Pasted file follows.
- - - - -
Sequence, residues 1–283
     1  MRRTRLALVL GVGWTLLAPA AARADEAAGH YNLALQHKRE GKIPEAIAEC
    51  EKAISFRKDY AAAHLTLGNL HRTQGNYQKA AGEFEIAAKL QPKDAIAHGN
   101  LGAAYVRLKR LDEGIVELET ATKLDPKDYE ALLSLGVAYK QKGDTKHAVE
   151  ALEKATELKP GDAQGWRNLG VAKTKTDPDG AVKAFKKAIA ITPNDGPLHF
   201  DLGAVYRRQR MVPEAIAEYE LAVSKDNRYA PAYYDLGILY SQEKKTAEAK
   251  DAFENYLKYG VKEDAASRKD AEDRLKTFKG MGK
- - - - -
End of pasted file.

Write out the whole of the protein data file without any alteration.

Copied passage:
Sequence, residues 1–283
     1  MRRTRLALVL GVGWTLLAPA AARADEAAGH YNLALQHKRE GKIPEAIAEC
    51  EKAISFRKDY AAAHLTLGNL HRTQGNYQKA AGEFEIAAKL QPKDAIAHGN
   101  LGAAYVRLKR LDEGIVELET ATKLDPKDYE ALLSLGVAYK QKGDTKHAVE
   151  ALEKATELKP GDAQGWRNLG VAKTKTDPDG AVKAFKKAIA ITPNDGPLHF
   201  DLGAVYRRQR MVPEAIAEYE LAVSKDNRYA PAYYDLGILY SQEKKTAEAK
   251  DAFENYLKYG VKEDAASRKD AEDRLKTFKG MGK